And here’s what he eats at his mother’s house (not an acid mother necessarily), which looks even better: gorgeously stylish and appealing.  She had me at "stewed smoked herring."



But then, who would think that a Japanese noise guitarist would be eating spaghetti alla pomdoro for lunch?


Much less a BLT?


 Tabata is evidently a great fan of curries, and we know that the Japanese do a good curry, it having been taken there, I gather, by the British who imported it from India.  Wikipedia tells me that the Japanese navy was introduced to curry by the British Royal Navy, and now every Friday is curry day in the Japan Maritime Self-Defense Force.  This may be true, but my dad was in the Royal Navy and he’d have thrown himself overboard rather than eat curry.

In any case curry is now a thoroughly international dish and so Tabatha eats in various curry houses in Japan. Some apparently have more Indian influence than others.  This one looks like it could be had in any could English curry house.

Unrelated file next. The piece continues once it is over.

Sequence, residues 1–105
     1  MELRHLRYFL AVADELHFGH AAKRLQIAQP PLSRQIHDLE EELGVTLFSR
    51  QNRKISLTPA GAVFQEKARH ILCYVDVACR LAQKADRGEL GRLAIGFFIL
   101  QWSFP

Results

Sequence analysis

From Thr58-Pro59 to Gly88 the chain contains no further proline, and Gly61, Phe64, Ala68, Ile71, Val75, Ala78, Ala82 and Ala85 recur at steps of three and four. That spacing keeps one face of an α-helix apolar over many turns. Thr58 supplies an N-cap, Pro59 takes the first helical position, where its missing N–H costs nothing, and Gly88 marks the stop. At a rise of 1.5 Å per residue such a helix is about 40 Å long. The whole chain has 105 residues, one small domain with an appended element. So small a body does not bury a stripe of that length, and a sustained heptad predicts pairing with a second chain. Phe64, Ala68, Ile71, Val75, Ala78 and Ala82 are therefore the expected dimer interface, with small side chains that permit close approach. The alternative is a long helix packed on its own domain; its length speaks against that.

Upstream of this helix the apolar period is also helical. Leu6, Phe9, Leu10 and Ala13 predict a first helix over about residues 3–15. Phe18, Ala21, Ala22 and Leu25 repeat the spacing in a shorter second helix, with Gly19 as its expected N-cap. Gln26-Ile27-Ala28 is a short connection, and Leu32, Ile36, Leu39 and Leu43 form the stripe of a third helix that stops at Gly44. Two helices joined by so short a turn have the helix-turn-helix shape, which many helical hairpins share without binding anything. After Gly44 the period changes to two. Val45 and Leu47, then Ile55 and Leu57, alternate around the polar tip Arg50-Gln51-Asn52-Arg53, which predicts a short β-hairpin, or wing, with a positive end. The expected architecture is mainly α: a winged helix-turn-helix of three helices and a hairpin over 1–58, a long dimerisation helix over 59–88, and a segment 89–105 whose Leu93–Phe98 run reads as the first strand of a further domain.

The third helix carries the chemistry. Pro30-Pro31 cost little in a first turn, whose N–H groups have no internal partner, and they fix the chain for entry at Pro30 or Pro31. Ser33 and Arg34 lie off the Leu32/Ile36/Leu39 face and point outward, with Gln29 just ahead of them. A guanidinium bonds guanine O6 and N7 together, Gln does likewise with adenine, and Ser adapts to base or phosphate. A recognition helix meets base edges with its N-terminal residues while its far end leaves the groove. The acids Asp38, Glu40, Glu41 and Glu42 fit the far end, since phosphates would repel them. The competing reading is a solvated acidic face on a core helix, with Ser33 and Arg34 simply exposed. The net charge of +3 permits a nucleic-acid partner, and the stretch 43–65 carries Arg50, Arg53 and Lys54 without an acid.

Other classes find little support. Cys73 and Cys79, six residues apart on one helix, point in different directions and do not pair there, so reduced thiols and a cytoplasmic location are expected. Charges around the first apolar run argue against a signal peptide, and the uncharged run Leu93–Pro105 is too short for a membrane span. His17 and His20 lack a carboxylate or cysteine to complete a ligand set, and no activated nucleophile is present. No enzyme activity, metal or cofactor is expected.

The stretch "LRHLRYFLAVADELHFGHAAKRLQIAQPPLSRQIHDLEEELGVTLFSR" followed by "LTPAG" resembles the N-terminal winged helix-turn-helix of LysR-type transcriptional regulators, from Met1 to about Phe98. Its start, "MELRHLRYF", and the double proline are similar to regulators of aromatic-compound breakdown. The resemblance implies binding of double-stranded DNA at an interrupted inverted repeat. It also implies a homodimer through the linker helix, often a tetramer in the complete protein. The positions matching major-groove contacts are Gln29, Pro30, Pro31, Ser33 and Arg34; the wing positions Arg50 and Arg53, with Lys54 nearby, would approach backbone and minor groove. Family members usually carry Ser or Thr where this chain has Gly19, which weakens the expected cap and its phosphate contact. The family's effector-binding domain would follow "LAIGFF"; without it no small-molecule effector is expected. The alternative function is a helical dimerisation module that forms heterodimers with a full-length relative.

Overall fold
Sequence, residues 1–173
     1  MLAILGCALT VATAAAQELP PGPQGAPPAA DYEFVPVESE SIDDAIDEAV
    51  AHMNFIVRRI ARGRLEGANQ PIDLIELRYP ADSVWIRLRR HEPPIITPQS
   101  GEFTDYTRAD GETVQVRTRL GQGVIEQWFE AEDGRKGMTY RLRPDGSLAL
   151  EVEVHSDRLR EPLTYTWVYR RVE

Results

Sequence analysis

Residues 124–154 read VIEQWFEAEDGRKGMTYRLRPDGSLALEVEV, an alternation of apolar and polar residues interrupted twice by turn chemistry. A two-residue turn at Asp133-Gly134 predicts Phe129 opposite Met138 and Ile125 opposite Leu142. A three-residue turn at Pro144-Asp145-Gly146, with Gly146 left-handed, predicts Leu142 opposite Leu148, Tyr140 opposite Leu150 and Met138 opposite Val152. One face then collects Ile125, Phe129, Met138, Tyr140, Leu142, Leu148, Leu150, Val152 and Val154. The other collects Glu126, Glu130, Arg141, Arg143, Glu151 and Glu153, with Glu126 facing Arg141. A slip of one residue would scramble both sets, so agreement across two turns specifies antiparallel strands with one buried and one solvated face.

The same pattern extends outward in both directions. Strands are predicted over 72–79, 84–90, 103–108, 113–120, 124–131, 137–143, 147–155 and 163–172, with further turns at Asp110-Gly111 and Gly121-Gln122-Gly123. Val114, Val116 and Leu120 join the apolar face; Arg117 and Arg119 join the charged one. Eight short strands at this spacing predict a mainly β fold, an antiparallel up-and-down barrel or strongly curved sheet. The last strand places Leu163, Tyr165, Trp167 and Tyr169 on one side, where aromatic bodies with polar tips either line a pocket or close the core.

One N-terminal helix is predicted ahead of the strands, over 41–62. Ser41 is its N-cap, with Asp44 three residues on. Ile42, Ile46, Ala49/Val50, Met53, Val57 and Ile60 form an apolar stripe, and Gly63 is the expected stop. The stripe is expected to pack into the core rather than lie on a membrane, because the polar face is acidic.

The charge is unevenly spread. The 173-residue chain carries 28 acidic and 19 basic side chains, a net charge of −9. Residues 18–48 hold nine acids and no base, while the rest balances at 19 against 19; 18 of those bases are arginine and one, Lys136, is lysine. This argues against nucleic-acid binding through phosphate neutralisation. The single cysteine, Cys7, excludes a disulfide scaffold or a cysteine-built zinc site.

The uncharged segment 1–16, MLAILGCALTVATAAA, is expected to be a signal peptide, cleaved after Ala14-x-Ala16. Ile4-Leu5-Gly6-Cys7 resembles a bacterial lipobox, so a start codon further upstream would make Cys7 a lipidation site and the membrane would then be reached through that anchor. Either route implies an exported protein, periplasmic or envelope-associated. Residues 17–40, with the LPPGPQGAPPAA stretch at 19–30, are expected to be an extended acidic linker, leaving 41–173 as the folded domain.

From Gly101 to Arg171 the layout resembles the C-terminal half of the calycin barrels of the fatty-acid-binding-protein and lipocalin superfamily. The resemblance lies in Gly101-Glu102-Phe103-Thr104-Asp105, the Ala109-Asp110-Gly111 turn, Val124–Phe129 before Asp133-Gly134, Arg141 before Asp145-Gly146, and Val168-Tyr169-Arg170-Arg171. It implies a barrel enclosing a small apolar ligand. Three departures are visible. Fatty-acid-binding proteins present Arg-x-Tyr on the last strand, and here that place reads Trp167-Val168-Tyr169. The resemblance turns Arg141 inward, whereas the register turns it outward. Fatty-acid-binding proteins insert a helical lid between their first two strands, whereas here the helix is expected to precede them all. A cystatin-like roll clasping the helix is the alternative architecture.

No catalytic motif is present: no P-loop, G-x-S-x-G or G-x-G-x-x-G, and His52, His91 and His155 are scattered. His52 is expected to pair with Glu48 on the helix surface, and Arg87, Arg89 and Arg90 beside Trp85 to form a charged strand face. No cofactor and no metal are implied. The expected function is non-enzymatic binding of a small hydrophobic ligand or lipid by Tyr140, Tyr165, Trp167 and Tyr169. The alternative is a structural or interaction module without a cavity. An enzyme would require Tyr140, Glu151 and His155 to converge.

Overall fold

This one less so:



But of course again it’s the odd unexpected “fusion” food that really catches the eye, like this one:


Yes it’s easy to believe the Japanese eat hamburger steaks with rice, but this one appears to be varnished with some kind of glistening gravy and those two semicircles of carrot really do look out of place.

Tabata is an international touring musician, and one of his latest posts has him in Holland eating or at least posing with, something called a Lucifer. 


And finally he gets to England and gets a curry, in Ramsgate, a place not known for its simplicity, elegance and quiet exotic.


I sure hope that curry tastes better than it looks.  The English, they’re so inscrutable.


Meanwhile, unconnected with Tabata-san, the website rocketnews24 - “Bringing you yesterday’s news from Japan and Asia, today” - reviews a restaurant called Maruhachi Sushi, located in Nagoya, Aichi Prefecture.  The most spectacular item on the menu is something called Sexual Harassment Sushi.  Yep, really.  It looks like this:


It’s a single octopus tentacle and blood cockle wrapped in seaweed.  The reviewer, named Kuzo “liked the unique combination of textures in the octopus and shellfish. The seaweed also had a pure taste that was exquisite.”  Hey, it takes more than that to sexually harrass anybody I know in the Psychogourmet set.  But it does look wonderful.